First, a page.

I spent tonight walking from art to art, from food to food, from friend to friend — the midpoint of an art week.
I started tonight listening to Darin Bergsven play some jazz tunes. I was there with Darrin and another member of Tangier 57, a local band that has both talent and a sense of humor. They push the same buttons in me that Combustible Edison used to… but not all members of the band knew the reference. What can you do?
At the table was my friend Liz Wright, who recently published an essay about The Negro Motorist Green Book. The Book, “with its list of hotels, boarding houses, restaurants, beauty shops, barber shops and various other services, can most certainly help solve your travel problems. It was the idea of Victor H. Green, the publisher, in introducing the Green Book, to save the travelers of his race as many difficulties and embarrassments as possible.” Liz does fascinating work in the rhetoric of race and gender, and this project seems really exciting to me.
Also at the table was Elias Mokole, a local vocalist whose work I am only starting to understand and enjoy. (Classical music eludes me. And someone who works in as many languages as Elias is crazy rich and complex as an artist.)
When I left, I wandered downtown for a bit — a trip to Rogue Robot, for starters, and then to the Electric Fetus, where I bought the “She & Him” Christmas album for $6 in their 20% off Halloween sale. Oh, Zoey Deschanel… please visit me in Duluth.
So I was at the Red Herring, watching the last episode of the first season of Dr. Who (with Christopher Eccleston as the Doctor) and the first episode of the second season. The second season stars David Tennant. Tennant is, possibly, my favorite Doctor. So much so, I am watching Gracepoint.
Kristen Hylenski was there planning the November 9: Fall of the Wall Film and celebration, 3:30 – 8:00. The Department of Foreign Languages and Literatures will show the film “Good Bye Lenin!,” then hold a 1989 dance party. There will also be opportunities to learn about the wall and the fall of the wall.
Paul Lundgren was there. Paul is my hero, in many ways: what I think a writer can be. While I was there, My friend Emily sent me her new song lyrics. She posts them here. The night was hopping for me. Thanks to Heikko for organizing a Tuesday night event that gets me out of the house and among my friends, and that gets me tasting the infused liquors of the Red Herring.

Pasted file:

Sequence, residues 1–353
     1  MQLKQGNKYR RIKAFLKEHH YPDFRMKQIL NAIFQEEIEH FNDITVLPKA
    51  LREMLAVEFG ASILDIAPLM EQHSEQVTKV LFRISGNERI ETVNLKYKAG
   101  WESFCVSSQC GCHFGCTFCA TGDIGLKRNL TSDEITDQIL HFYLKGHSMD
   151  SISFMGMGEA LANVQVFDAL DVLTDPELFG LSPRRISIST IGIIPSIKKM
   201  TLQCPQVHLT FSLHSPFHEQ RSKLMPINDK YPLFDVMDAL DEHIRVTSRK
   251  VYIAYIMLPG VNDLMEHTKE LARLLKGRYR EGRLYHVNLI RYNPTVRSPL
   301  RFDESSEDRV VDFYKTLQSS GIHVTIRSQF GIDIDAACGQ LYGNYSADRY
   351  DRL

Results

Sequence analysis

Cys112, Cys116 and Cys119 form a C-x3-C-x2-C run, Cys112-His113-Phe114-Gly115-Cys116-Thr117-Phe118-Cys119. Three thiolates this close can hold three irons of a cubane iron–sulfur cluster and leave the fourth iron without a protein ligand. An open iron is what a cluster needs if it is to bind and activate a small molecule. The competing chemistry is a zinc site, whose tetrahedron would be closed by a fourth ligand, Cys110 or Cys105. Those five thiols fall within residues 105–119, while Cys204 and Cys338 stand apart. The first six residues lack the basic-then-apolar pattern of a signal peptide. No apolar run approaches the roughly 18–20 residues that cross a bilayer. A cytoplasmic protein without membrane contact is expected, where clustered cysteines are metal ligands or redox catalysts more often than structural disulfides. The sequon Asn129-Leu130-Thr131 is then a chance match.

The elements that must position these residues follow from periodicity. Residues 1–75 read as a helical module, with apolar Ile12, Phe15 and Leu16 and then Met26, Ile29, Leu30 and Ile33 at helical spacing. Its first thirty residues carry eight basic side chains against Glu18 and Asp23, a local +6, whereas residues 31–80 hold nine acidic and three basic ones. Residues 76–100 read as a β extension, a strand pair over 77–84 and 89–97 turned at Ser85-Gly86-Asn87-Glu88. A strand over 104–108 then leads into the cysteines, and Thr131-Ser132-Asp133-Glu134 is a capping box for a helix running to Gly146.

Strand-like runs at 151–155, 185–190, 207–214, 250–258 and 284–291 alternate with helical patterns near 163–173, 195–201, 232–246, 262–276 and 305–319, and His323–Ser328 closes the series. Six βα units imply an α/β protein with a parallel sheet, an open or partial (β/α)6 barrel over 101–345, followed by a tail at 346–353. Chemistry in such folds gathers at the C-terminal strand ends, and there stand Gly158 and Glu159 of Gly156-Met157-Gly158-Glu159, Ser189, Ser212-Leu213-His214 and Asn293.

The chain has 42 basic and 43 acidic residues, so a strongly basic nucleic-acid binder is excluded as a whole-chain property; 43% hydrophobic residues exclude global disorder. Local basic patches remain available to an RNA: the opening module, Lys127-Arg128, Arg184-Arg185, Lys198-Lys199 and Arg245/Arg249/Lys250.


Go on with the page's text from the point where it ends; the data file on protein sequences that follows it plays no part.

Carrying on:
After that, I wandered over to the Zeitgeist. I had grading to do, and I needed some help. While I was ordering my liquid help, I saw Richard Hansen of the Duluth Superior Film Festival… That man never stops, never sleeps. Planning the next festival started the second the last one ended. I also saw Kathleen Roberts and Nick Monson of Prøve Collective get a snack.
Full, rich night.
Wildwoods Rehabilitation has been raising nine orphaned raccoon since July, and our babies (now huge, rollicking, unruly teenagers) are ready to head off on their own and find a spot to hibernate for the winter. We took them far off into the woods, to a secret release site. Here are some picture as they begin to explore their new world. Good luck, little wash bears, and stay safe!
I ended Thursday freezing to the death in the antarctic with Kurt Russell at the Zinema 2 Horror Movie Festival. It’s nice to see the theater packed to show a 30-year-old movie (The Thing), and maybe I will see you there in subsequent weeks.
Before that, viewing Danny Badhwa‘s photography exhibit! Moving, and worth viewing.
Before that, dinner at Tavern on the Hill. That place is too crowded for me, somedays, and I have yet to order at the bar such that my food and my companions’ food have arrived at the same time, but it’s tasty.
Before that, I met with a young MA student to talk Coleridge, my colleague Liz Wright to talk about the complexity of memory places, both at Starbucks at Bluestone. That was after lunch at Qdoba — yummy, tasty, but $10 for a burrito? A bit much for me.
Before that, a meeting with UMD’s Mindy Granley, of the office on sustainability, and four of my favorite artists (Peter Pestalozzi, Catherine Meier, Kathy McTavish, and Emily Jayne) to talk about a project covering art and sustainability.
Photos by Dan Turner.
I spent the better part of the afternoon at Barnes and Noble, Miller Hill Mall, with Terrance Griep. Griep was signing hardcover editions of his comic books starring Scooby Doo.
Griep is both a comic artist and a professional wrestler, visiting Duluth today and tomorrow (Monday).
The online literary magazine, Split Rock Review, recently released the Fall 2014 issue. Also, SRR is now accepting submissions of poetry, fiction, creative non-fiction, book reviews, graphic narratives, visual poetry, digital literature, and hybrid forms.
For more information about the magazine and submission guidelines, please visit the SRR website.
Some updates from Wildwoods Rehabilitation:
There are three window-strike bird victims in residence — a northern flicker, a juvenile cedar waxwing, and a flycatcher. The flicker came in with a spinal bruise, and was unable to use his legs for several days. Fortunately, he’s made a full recovery after rest and anti-swelling meds, and is ready for release. In the meantime, he’s been pigging out on the mealworms, and has plumped out, just in time for migration, when he’ll need the energy!
Various bits for local artists, arts consumers, and art organizations: